Electronics Assembly Knowledge, Vision & Wisdom
Reliability of Sn/Cu/Ni Solder Joints
Reliability of Sn/Cu/Ni Solder Joints
Paper covers the electronics industry search for a single lead-free alloy that can be used throughout the manufacturing line.
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Authored By:
Brian Roggeman
Universal Instruments Corporation
Binghamton, NY, USA

Ursula Marquez de Tino and Denis Barbini
Vitronics Soltec
Binghamton, NY, USA

Transcript
The electronics manufacturing industry has continued its search for a single lead-free alloy that can be used throughout the manufacturing line. The ability to employ one alloy would reduce complexity and cost while increasing yield.

The tin/copper/nickel alloy has been widely used in wave soldering applications for many circuit board types. This alloy is characterized by lower rates of reaction with base materials; the lack of precious metals makes this alloy less expensive; and, the cosmetics of the final solder joint is similar to that of tin lead.

However, this alloy's focus and integration into reflow soldering applications has been hampered by its higher melting point. Before widespread use of the alloy is adopted for surface mount applications, extensive qualification is required.

In this study, the reliability is further quantified through both thermal cycling and further mechanical test.

Summary
The electronics manufacturing industry has continued its search for a single alloy that can be utilized throughout the manufacturing line. To date, there is minimum success in the implementation of an alloy across the manufacturing process as compared to the tin lead based processes. The ability to employ one alloy will allow manufacturers to reduce complexity and cost while increasing yield.

The Sn/Cu/Ni alloy (SCN) has been widely used in wave soldering applications due to its applicability in achieving acceptable soldering results for many printed circuit board types. In addition, the SCN alloy is characterized by lower rates of reaction with base materials such as copper and iron [1]; the lack of precious metals makes the SCN alloy less expensive; and, the cosmetics of the final solder joint is similar to that of tin lead. However, the SCN alloy's focus and integration into reflow soldering applications has been hampered by its higher melting point temperature of 227°C. At temperatures required for complete and homogeneous mixing of the paste deposit with the component lead/bump, there are concerns such as possible damage of heat-sensitive components and joint reliability.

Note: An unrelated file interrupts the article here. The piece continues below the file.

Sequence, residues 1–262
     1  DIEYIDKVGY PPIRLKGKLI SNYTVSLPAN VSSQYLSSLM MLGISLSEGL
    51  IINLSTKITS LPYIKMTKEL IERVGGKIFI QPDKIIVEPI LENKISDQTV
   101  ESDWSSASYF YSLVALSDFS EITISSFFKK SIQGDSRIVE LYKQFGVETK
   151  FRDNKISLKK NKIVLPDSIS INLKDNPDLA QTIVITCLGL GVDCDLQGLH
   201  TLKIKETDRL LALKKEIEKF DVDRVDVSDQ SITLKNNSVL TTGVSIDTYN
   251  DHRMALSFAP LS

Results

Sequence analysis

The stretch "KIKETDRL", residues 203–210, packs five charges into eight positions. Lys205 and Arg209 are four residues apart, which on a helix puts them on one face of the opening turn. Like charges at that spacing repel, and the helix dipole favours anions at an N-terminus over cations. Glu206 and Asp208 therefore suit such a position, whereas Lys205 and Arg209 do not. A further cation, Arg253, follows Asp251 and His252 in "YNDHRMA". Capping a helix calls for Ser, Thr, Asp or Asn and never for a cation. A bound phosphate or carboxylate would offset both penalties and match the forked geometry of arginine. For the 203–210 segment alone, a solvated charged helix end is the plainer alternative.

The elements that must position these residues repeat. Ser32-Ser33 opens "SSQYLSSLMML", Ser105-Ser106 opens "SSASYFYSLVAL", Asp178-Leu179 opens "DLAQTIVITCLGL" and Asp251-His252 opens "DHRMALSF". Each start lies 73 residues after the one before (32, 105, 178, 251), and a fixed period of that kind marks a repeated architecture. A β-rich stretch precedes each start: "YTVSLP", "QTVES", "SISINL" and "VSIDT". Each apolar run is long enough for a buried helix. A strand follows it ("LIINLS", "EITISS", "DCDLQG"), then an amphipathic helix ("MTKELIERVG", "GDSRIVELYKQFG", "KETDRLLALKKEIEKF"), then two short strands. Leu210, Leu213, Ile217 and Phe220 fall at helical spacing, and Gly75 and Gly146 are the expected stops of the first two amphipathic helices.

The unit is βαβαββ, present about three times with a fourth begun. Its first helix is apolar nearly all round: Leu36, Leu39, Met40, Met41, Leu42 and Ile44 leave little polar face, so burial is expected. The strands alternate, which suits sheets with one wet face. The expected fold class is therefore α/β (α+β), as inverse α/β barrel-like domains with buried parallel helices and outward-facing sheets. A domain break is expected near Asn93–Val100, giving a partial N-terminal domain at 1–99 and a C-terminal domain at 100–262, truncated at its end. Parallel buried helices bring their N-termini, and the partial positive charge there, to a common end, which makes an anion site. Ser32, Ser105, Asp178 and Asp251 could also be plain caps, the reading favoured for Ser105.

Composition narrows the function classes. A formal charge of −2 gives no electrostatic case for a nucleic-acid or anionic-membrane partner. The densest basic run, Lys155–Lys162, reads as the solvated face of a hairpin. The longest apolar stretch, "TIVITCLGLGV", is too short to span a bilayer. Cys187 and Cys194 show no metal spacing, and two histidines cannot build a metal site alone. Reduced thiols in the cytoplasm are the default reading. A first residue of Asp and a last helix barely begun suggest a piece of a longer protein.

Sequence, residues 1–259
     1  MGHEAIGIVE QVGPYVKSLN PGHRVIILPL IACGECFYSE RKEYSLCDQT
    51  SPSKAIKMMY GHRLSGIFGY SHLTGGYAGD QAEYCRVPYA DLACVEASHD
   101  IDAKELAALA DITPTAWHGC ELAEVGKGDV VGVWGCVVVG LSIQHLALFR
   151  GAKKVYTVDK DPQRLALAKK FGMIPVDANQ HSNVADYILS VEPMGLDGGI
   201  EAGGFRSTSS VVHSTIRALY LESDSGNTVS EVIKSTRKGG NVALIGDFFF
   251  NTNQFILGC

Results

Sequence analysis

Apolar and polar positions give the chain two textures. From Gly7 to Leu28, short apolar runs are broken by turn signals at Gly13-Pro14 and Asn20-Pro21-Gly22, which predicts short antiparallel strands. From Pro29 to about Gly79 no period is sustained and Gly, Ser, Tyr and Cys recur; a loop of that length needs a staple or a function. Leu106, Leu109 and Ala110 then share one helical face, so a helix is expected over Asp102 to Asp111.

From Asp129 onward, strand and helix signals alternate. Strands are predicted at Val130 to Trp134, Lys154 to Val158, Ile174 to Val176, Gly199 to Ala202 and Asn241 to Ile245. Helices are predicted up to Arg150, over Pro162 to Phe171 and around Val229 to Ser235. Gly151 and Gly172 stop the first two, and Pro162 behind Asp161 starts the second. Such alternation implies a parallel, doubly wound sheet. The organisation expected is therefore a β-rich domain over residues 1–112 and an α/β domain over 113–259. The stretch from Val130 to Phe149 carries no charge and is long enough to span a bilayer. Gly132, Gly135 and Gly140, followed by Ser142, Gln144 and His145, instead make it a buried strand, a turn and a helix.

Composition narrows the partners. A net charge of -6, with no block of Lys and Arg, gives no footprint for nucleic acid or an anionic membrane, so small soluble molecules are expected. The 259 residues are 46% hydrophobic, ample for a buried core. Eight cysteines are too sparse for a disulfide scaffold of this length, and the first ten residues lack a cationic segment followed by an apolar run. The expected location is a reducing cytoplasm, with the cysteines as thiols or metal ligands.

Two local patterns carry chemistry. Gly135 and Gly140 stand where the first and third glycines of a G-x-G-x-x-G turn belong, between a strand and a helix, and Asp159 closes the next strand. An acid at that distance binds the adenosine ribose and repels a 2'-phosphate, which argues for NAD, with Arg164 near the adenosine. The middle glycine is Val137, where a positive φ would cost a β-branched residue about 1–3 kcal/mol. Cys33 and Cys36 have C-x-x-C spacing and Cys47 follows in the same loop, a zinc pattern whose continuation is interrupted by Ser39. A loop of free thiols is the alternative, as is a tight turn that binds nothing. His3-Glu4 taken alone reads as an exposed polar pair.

Before widespread use of the alloy is adopted for surface mount applications, extensive qualification is required [2]. Through a previous study [3], it was shown that typical SAC assembly profiles achieved satisfactory SCN solder joints, and the vibration reliability results indicated similar performance of SCN solder joints to SAC305. In this study, the reliability is further quantified through both thermal cycling and further mechanical test. Drop testing was chosen as the mechanical test and a comparison in the solder's performance is made to SAC305 and SAC105.

The results show that, while SCN better matches SAC105 in solder ball strength testing, the performance in board level drop is very similar to SAC305. Thermal cycling results also appear very similar to SAC305.

Conclusions
As a continuation to a previous study, the reliability of tin-copper-nickel solder alloy in surface-mount assemblies was examined. The results were compared to typical SAC based assemblies.

Both studies showed that SCN solder paste can be reflowed using SAC profiles. Peak temperatures of 2380C and TAL (227°C) of 30 seconds are sufficient to obtain good solder joint formation.

The appearance of SCN solder joints is similar to SAC joints.

Ball shear testing showed that SCN solder joints are generally weaker than SAC305 and SAC105 joints, but at the highest test speeds the differences are negligible.

Drop testing results showed that SCN assemblies were very similar to SAC305, however reliability of each was less than SAC105.

Thermal cycling showed that SCN assemblies were very similar to SAC305.

The mechanical testing indicates that solder strength alone cannot indicate the reliability in a repeated high strain rate shock environment. Because the SCN alloy has a markedly different Sn-grain structure, the actual mechanical behavior and stress/strain relationships are also likely to be different from SAC based systems.

SCN alloy appears to be well suited to use in surface mount applications with minimal adjustments being necessary to the assembly process. Reliability can be expected to be similar to SAC305,

Initially Published in the SMTA Proceedings

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